It is no surprise that practicing one craft can lead to an interest and desire to learn another, especially with fiber related crafts. Many people who started with crochet have learned to knit and many who started with knitting have learned to crochet. There’s a lot of crossover between the two. My love of spinning definitely arose from my love of knitting, and more importantly, knitting with natural fibers. From there I have developed a healthy appreciation for the art of carding and combing spinning fiber to the point where I’ve invested in tools to help me with that task. I have even dabbled in dyeing yarn and fiber, but I will leave that for folks with a greater passion and skill for it than I possess.
So where is a crafty guy like me to go next? What is left to learn? Actually, lots! Some of you sharp readers might have picked up on the hints I dropped in last week’s Rhinebeck recap and if you guessed weaving, then you are absolutely right! Continue reading “One thing leads to another…”
<strong>The question:</strong> Do you really need MORE yarn?
Some possible answers:
• The color works perfectly with some yarn I already have.
• I wasn’t sure which colors would work with the yarn I already have, so I bought some of all of them.
• This yarn is perfect for this new pattern I just bought/a pattern I already have.
• I was worried about not having enough yarn for this project and I figured since I was in the neighborhood of the yarn store I should stop in and get a little extra.
• I don’t have anything in my stash in this color/fiber.
• I’ve never been to that shop before and I didn’t want to just leave without buying something.
• I reorganized my stash and found I had more room than I thought.
• It’s alpaca, and there’s no such thing as too much alpaca.
• It was on sale! Continue reading “Excuses, excuses!”
I spent some time over the weekend on Ravelry catching up on the conversations and threads in some of the groups when I came across this account of one Raveler’s Lendrum spinning wheel being stolen from the spinner’s circle at a fiber event in Oregon. To make matters worse, it wasn’t just the wheel but the carrying bag too which contained some personal items, hotel keys, and some fiber that she had just purchased from a vendor. It’s suspected that the thief is not interested as much in spinning but instead is interested in the cash value of the wheel. Continue reading “A Spinner’s Nightmare”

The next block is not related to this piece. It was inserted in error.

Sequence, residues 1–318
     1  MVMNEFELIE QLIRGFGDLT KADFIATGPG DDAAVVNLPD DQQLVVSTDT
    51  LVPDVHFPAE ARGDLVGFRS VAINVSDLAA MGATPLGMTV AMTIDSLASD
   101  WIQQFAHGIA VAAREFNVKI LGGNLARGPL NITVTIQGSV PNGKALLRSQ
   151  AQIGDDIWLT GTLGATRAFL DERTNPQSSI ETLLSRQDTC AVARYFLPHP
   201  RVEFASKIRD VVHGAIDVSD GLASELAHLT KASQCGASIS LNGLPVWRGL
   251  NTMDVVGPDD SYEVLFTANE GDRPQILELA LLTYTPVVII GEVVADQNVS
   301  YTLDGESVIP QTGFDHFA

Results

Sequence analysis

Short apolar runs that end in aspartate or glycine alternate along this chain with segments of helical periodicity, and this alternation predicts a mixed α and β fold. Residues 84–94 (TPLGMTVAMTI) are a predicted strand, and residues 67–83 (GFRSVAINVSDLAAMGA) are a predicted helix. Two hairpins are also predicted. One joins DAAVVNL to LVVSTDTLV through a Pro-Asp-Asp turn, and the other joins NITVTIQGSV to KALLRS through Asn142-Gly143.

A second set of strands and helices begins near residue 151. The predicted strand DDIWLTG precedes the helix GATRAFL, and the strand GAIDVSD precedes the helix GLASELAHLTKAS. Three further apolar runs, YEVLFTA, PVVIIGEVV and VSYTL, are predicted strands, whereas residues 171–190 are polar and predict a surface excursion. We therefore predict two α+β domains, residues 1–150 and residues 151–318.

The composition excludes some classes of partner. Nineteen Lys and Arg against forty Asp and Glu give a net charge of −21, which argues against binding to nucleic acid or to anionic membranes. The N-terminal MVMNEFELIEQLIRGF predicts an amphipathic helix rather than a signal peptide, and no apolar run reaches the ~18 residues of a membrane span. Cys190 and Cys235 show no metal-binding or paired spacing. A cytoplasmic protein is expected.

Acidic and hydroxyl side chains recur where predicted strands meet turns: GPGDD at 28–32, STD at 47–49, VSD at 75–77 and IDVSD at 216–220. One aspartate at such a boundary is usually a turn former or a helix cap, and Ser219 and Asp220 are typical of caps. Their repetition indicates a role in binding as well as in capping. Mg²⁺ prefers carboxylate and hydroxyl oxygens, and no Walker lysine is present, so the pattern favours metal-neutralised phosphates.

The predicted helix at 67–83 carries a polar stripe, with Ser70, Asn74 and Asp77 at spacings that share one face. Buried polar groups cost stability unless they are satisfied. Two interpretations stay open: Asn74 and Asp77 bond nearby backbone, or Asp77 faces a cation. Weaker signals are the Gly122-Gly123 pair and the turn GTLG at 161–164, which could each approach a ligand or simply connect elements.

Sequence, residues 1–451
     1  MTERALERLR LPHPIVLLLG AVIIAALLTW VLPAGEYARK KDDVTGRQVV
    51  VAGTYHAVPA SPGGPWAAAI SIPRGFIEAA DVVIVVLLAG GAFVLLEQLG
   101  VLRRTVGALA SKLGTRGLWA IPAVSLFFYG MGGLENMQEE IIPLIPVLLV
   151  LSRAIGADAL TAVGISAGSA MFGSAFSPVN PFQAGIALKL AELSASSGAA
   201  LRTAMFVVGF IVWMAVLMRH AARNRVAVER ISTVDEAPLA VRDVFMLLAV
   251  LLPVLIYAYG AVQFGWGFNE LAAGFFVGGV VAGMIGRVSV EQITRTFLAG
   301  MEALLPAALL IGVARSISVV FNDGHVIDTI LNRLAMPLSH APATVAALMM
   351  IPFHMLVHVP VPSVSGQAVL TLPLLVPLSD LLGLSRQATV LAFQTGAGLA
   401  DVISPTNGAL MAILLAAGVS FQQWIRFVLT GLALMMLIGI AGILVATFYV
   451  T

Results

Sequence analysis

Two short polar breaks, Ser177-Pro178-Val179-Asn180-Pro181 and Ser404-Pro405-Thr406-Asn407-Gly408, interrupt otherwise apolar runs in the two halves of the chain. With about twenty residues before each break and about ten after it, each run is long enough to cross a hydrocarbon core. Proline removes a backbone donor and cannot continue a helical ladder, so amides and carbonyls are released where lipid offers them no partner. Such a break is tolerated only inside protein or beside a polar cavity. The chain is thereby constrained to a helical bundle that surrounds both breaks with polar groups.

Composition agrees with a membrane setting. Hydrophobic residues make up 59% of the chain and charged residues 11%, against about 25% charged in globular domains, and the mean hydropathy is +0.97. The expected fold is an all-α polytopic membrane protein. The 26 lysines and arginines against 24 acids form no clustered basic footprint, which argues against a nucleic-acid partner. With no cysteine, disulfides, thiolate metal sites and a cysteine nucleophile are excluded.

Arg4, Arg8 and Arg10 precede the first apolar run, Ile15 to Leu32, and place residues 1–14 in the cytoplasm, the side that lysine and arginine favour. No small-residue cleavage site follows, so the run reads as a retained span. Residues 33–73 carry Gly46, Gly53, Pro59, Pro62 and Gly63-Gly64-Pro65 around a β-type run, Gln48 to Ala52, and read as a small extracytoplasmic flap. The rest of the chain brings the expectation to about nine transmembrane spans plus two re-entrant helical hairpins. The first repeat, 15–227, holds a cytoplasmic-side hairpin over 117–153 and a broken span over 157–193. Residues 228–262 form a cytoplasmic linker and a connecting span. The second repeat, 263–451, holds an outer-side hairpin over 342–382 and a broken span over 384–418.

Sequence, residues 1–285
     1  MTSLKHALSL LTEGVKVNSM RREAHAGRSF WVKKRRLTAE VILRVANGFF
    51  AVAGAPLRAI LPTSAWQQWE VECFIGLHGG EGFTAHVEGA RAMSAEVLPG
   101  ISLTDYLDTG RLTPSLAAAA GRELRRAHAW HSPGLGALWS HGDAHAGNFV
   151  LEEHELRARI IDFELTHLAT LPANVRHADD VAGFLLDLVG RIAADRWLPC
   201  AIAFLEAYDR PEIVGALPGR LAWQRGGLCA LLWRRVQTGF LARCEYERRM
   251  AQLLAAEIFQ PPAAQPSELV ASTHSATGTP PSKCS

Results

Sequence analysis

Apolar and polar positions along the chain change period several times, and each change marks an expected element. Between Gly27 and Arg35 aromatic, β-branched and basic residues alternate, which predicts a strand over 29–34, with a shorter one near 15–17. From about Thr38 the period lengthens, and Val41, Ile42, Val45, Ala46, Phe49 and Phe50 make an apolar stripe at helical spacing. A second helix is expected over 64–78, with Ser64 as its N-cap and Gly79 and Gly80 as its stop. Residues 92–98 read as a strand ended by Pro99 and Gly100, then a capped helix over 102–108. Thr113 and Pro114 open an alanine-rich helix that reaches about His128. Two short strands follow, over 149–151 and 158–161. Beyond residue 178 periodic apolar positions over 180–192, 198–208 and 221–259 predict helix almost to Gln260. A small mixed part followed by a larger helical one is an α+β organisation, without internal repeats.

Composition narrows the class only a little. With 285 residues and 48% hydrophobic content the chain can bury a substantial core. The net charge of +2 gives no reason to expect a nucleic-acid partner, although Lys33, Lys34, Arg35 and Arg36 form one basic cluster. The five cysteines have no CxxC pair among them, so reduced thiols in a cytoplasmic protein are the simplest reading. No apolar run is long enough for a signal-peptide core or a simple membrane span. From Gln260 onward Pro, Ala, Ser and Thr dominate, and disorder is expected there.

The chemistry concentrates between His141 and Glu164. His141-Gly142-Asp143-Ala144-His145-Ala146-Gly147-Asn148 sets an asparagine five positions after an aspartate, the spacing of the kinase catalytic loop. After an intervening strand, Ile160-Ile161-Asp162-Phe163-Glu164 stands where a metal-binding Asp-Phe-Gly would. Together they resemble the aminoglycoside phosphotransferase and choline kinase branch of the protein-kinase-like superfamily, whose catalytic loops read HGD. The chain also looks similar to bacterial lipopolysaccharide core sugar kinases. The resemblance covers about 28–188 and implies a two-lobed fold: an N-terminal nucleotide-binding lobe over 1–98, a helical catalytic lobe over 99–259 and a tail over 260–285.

A long time ago before I became a regular on the Times Union Fiber Arts blog, I did a guest post about my first spinning wheel. I commented that the words made me think of a brightly colored plastic toy with the words Fisher-Price on it.
Well, Fisher Price didn’t make one, but in the late 50’s and early 60’s a toy company out of New Jersey called Remco made this little gem.
Back in February at the Anne Hanson Sweater Fitness workshop, I met a woman who was showing off the beautiful interchangeable needle set she had just bought. Those needles were the Darn Pretty™ Interchangables from DyakCraft in Vermont, and they sure were darn pretty! A few weekends ago on a trip into Vermont, I got the opportunity to catch up with Tom and Linda of DyakCraft, and learn more about these beautiful needles that are becoming wildly popular among knitters, and also place my own order.
The interchangeable needles, just like the straight needles, DPN’s, crochet hooks, spindles, and shawl pins that DyakCraft manufactures are made from Dymondwood. Dymondwood is an engineered wood composite where hardwood veneers are dyed, layered, injected with a resin compound, and compressed to form a product that is incredibly strong, durable and moisture resistant. It can be cut to expose the colored layers many different ways, including across the grains, without compromising the structural integrity of the wood.
Ahh the fair. I immediately think of midway games, rides, and all the fried bread dough I can eat. But county and state fairs have long history of being a showcase for the finest examples of all aspects of agriculture, fiber arts and other hand crafts from local communities.
Every once in a while I get the urge to do what you’re not supposed to do with your knitted wool. Throw it in the washing machine! A magical thing happens when your knitted wool meets soapy water and agitation. The tiny little scales that make up the surface of each individual fiber begin to interlock and all those beautiful stitches disappear, matting up into something thicker, sturdier, and yes, smaller!